Bitcoin, one of many digital assets, but at what value?

Posted on
The community of virtual currency users are in uproar after Craig Wright's recent claim to be the pseudonymous Satoshi Nakamoto, creator of Bitcoin (the world's leading digital currency). The continuing debate, whilst interesting, may not be as immediately important to you as the value of digital assets you hold and the importance of knowing what may happen to them after you die. 

The role of your personal representatives

Your personal representatives (PRs) are the people who have legal responsibilities for administering your assets. They can be either executors (where you have made a Will) or administrators (where there is no Will). By planning ahead, you can ensure that your personal representatives know what assets you have and how to access them, this is especially important where you hold digital assets that may require passwords and additional information to be accessed.

Sentimental or financial

Digital assets have particular considerations. You should look at whether assets such as photographs, blogs and tweets have only sentimental and not financial value, if purely sentimental you should consider including them as part of a general gift of personal possessions in your Will. If they have more than sentimental value for example because there is valuable copyright in photos they may be included separately in your Will and your Executors given specific powers to deal with them.

Online accounts

When you create an online account, such as Facebook, you sign up to the standard terms and conditions of the Internet Service Provider (ISP). Although most terms and conditions acknowledge the intellectual property rights of the account holder, they will often grant the ISP the right to use your account for the duration of the contract with the individual account holder.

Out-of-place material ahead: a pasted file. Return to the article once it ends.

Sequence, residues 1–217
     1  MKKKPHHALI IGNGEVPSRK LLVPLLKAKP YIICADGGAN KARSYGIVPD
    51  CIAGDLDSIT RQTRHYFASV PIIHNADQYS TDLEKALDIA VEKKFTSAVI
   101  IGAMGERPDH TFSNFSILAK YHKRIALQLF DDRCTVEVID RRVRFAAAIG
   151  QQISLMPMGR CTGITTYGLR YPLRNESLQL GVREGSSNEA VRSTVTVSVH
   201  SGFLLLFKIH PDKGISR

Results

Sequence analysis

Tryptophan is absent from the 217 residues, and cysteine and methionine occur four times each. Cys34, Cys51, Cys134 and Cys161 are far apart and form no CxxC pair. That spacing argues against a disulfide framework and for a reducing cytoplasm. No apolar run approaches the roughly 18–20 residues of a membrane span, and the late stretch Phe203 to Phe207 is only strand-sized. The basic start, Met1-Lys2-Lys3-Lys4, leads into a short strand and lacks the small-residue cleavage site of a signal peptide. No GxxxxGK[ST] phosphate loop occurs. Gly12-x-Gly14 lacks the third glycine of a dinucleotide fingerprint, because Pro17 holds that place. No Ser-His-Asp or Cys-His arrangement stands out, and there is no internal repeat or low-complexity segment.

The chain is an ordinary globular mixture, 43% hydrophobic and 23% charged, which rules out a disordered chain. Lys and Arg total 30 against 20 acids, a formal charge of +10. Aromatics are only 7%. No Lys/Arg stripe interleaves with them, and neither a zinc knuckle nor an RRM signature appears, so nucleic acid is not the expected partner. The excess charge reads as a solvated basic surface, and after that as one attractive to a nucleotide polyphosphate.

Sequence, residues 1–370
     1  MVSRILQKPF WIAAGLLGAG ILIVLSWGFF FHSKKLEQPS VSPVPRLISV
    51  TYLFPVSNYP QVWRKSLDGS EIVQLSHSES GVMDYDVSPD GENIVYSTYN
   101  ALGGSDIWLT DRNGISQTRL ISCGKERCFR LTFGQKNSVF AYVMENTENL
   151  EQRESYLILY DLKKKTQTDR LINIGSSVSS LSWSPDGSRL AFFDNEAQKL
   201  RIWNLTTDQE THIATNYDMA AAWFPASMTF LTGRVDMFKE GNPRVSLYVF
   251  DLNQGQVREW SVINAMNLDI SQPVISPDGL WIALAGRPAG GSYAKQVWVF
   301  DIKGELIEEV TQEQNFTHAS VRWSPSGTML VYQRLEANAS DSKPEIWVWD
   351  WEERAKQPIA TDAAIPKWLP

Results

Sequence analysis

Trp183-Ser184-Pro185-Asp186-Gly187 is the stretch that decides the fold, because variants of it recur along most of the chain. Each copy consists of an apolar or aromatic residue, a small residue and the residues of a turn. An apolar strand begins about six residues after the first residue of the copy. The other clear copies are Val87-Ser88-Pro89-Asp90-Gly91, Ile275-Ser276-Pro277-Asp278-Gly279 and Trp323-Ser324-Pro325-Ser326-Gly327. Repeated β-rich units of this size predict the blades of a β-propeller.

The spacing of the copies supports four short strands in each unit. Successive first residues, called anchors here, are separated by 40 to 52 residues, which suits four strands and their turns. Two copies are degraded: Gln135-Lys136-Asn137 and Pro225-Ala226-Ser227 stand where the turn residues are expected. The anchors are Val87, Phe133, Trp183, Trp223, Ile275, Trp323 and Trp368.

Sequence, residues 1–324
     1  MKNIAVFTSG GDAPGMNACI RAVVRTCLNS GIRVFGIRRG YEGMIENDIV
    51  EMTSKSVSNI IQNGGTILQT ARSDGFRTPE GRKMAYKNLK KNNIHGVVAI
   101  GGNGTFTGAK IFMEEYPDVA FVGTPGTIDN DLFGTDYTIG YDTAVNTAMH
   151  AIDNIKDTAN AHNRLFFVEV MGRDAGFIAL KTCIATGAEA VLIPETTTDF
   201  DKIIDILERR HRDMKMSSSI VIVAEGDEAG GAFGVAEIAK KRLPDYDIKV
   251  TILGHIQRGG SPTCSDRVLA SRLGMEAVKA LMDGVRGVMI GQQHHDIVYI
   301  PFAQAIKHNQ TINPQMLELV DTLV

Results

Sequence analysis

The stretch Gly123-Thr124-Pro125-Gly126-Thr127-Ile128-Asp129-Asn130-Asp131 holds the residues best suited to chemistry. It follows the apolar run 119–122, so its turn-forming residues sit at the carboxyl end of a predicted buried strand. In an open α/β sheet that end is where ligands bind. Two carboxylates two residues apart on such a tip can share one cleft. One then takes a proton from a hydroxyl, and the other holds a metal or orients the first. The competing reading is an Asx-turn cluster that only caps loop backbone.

There is likely to be an element of copyright in many of the digital assets created by you through online accounts used. The original content of an email, blog, artwork or photographs could be capable of benefiting from copyright protection. On the death of the account holder, copyright in any assets held online passes to the deceased’s PRs who will hold it together with the other estate assets on behalf of the deceased’s beneficiaries.

Practical points to help your digital afterlife

  • Make it as easy as possible for your PRs to locate any PC, Mac, laptop, tablet, mobile phone, Kindle and MP3 devices.
  • Maintain  good records:
    • keep a record of your digital life with an online legacy locker company;
    • ensure bank statements are well organised as these will show if there are any payments relating to digital assets, both regular and one-off payments;
    • Tell select friends or relatives about the existence of your digital assets.
    • On writing your Will, ensure you review your digital assets and instruct a specialist if you are concerned.

Your PRs should:

  1. Check the terms and conditions of ISPs and what can be transferred on death. It is crucial to determine what assets the deceased owned, and what is merely a licence that ceases on death.
  2. Research how to transfer or download digital assets owned.
  3. Research memorialising accounts – particularly important for social media and sentimental value.
  4. Have assets that are worth cash valued. This is an evolving area and may require specialist valuers to be instructed.

For more information on digital assets, probate or the administration of estates, please contact Louise Lewis, Blake Morgan's specialist in digital assets.